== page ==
We can power all of Minnesota with clean energy

Too much of our energy comes from coal, oil and other dirty sources that wreak havoc on our environment.

We are surrounded by clean energy options here In Minnesota — the power of the sun and the wind, the heat of the earth, even the energy leaking from drafty windows. By using energy more efficiently and tapping our vast renewable energy resources, we can move to 100% clean energy that doesn’t pollute and never runs out.

We have the momentum

Thanks in part to Environment Minnesota staff, members and supporters, Minnesota passed historic clean energy laws in 2007 and 2013, spurring renewable energy development across the state.

These were major steps in the right direction, but we still have a long way to go. We also face powerful opposition from some utilities and the fossil fuel industry, who'd like to keep us dependent on dirty energy such as coal. They’ve built their business around the dirty, dangerous fuels of the past, and they’re reluctant to change. That's why we need to build and demonstrate the support for clean energy from citizens like you.

Solar Works for Minnesota

Three years ago, Environment Minnesota helped build the Solar Works for Minnesota coalition, a diverse group of 150 organizations working together to get 10% our the state's power from solar by 2030. The coalition successfully pushed for a new law, passed in 2013, that requires the biggest utilities in the state to meet a solar energy standard, and will lead to more than 30 times more solar in Minnesota by the end of this decade. The law also adopts our goal of getting 10% of Minnesota's energy from the sun. Thanks to the hard work of our members, allies and supporters, Minnesota is poised to become a national leader in solar power.

Now we're working with partners across the state to get cities like Duluth and Rochester committed to a 10% solar goal, and ensure citizens across the state can reap the benefits of clean, local solar.

Join our campaign today. 


Putting The Sun to Work for Minnesota Short Film Contest

 

 

 

Check out these great videos from our "Putting the Sun to Work for Minnesota" short film contest! We depended on filmmakers' creativity to make unique shorts that captured the public's attention and showed off Minnesota’s great solar potential — and we were impressed. Thanks to all the contestants for their hard work and commitment to the solar cause.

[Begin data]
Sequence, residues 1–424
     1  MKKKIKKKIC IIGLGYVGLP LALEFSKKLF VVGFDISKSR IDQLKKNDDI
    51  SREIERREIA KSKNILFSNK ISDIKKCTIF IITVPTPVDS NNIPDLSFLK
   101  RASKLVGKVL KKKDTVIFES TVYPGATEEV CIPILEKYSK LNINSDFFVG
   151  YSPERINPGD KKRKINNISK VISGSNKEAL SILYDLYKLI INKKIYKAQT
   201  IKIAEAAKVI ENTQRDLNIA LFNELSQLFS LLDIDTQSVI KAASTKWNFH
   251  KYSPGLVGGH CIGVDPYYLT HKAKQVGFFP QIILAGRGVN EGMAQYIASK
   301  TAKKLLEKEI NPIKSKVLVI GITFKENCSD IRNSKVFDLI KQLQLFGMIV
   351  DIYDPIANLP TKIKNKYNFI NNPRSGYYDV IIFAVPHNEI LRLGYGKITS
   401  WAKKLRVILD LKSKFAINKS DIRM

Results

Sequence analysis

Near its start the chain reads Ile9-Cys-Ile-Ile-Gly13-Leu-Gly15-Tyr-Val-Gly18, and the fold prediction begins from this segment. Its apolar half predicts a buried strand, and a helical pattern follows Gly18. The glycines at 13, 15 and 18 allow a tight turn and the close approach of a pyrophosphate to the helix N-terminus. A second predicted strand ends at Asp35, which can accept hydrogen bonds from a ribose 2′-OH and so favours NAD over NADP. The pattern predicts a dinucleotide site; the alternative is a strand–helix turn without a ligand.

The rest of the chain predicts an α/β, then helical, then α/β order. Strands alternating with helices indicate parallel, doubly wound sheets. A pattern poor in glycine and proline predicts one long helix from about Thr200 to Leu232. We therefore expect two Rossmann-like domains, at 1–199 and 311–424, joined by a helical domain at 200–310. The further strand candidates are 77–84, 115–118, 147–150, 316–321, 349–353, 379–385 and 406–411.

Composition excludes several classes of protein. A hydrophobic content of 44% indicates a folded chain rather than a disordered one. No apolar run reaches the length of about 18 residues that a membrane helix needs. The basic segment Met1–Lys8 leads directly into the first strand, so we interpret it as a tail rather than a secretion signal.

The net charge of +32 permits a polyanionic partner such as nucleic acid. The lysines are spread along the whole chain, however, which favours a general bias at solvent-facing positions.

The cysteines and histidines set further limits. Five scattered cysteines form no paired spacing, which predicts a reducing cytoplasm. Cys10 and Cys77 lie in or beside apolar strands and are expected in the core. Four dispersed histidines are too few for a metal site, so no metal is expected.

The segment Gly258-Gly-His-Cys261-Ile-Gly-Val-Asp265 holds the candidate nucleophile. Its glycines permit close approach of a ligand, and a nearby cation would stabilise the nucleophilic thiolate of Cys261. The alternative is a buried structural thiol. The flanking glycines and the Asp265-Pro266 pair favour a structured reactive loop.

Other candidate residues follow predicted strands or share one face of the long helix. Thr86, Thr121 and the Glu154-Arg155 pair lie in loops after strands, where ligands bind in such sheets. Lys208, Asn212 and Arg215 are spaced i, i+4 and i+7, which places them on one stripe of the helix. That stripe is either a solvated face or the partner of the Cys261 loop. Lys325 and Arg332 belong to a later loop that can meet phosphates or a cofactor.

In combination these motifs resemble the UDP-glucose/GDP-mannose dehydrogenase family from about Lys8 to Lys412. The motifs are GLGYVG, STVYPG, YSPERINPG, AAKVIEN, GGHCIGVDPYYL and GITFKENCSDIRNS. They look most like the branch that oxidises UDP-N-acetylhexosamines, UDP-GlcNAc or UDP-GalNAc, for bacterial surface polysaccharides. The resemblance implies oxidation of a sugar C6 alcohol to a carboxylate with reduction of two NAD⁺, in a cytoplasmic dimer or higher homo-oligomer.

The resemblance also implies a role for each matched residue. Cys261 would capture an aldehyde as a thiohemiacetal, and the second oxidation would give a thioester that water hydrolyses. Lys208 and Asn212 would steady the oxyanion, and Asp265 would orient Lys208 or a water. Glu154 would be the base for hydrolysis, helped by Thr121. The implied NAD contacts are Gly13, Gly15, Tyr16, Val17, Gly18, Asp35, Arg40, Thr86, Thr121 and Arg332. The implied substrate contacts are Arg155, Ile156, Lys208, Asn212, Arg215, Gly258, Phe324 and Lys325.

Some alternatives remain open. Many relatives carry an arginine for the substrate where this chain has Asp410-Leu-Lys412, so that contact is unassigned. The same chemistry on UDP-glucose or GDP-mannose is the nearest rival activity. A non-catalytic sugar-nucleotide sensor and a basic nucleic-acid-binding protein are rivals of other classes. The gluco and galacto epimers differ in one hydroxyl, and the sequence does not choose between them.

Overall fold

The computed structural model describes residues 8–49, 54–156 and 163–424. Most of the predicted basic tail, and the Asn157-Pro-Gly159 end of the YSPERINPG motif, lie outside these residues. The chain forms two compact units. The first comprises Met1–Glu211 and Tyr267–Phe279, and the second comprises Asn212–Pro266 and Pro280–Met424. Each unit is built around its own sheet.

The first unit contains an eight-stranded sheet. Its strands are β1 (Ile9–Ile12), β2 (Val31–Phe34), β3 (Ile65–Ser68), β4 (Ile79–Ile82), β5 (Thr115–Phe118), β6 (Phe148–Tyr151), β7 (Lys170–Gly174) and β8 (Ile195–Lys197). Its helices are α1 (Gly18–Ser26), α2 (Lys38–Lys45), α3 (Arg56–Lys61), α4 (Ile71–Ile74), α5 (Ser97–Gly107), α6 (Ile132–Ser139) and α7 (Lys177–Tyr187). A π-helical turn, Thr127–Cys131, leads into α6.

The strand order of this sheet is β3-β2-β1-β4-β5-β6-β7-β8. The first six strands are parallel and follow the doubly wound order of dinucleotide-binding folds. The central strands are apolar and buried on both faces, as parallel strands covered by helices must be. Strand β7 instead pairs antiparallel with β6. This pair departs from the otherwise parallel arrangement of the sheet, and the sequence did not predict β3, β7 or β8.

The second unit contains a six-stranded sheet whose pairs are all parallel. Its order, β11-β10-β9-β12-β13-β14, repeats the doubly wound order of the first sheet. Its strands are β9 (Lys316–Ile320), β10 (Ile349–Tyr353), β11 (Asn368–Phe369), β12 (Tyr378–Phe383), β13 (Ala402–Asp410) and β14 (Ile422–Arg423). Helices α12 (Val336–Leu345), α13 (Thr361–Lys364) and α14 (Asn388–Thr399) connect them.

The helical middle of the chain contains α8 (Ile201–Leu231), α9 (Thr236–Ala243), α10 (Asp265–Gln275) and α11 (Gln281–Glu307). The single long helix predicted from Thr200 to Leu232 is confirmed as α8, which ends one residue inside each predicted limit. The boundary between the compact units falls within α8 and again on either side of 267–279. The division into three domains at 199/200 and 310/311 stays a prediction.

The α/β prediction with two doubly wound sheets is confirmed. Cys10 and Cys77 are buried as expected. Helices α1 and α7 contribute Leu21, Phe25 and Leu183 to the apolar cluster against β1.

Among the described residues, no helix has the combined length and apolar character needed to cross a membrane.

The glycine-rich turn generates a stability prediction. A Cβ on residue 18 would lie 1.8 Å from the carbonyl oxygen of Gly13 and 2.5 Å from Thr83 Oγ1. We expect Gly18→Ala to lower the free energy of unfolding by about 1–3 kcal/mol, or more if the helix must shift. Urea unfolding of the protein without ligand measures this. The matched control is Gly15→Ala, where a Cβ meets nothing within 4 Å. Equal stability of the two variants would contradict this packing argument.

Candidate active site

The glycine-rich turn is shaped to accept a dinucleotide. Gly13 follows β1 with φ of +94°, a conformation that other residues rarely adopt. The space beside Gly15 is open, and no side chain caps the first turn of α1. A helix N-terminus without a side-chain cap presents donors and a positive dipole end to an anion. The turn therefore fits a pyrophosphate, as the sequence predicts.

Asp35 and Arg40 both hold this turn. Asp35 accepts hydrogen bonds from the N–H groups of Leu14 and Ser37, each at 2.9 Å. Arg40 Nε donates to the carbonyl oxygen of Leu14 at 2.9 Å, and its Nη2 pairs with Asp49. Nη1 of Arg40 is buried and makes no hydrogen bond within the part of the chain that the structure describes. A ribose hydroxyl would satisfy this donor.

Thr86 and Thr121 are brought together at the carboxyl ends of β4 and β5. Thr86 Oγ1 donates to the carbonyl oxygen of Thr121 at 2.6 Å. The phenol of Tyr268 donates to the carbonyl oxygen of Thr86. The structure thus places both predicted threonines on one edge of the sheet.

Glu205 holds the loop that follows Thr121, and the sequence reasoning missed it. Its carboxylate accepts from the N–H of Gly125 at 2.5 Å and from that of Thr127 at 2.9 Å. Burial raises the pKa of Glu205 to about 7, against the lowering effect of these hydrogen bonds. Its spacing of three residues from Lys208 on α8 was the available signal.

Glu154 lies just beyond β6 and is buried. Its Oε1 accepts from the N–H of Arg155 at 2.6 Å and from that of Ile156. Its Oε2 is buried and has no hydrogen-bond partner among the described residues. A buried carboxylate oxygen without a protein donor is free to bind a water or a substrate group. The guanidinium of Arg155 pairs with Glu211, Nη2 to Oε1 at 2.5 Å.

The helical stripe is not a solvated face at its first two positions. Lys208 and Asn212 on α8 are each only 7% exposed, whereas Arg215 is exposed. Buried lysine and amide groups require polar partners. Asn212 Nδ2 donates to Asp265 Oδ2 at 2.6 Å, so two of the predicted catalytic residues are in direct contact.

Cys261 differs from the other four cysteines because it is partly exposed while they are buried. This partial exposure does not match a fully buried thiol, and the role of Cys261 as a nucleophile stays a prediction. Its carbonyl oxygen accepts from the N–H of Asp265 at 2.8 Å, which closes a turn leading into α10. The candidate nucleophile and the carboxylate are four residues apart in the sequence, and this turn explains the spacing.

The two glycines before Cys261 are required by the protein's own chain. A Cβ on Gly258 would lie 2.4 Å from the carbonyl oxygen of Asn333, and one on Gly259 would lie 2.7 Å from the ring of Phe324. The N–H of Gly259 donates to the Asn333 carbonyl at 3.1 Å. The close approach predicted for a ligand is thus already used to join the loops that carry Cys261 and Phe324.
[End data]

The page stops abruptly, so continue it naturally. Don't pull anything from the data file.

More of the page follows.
Watch the prize winners and other entries now!


Clean energy updates

Blog Post

Looking for good news? Check out this map on renewable energy. | Rob Sargent

There are many reasons to be optimistic about a future powered by the sun and wind.

> Keep Reading
News Release | Environment Minnesota Research and Policy Center

Renewables on the Rise 2018

Minneapolis -- Today, only a week after St. Paul’s announcement that the city has set a goal of making all buildings carbon neutral by 2050, Environment Minnesota Research and Policy Center (RPC) released a new report showing why a 100% renewable future is well within reach. Since 2008, Minnesota has seen a 550-fold increase in the amount of electricity it gets from the sun --and more than doubled wind power production. The evidence is clear: a cleaner, healthier economy powered by renewable energy is within our reach.

> Keep Reading
Report | Environment America Research & Policy Center

Renewables on the Rise 2018

Over the last decade, clean energy has grown by leaps and bounds. Technologies that can help America shift away from fossil fuels — like solar panels, wind turbines, LED light bulbs, energy storage and electric cars — have gone from novelties to core features of the nation's energy landscape.

> Keep Reading
News Release | Environment Minnesota Research and Policy Center

Trouble in the Air

Minneapolis – As the Trump administration considers weakening federal air quality and global warming emissions standards, air pollution remains a threat to public health. According to a new report by Environment Minnesota Research & Policy Center over 3.5 million people in the Twin Cities metro area experienced 37 days of degraded air quality in 2016, increasing the risk of premature death, asthma attacks and other adverse health impacts.

> Keep Reading
Blog Post

Could your state require solar panels on homes? | Bret Fanshaw

How California’s new rule could revolutionize rooftop solar

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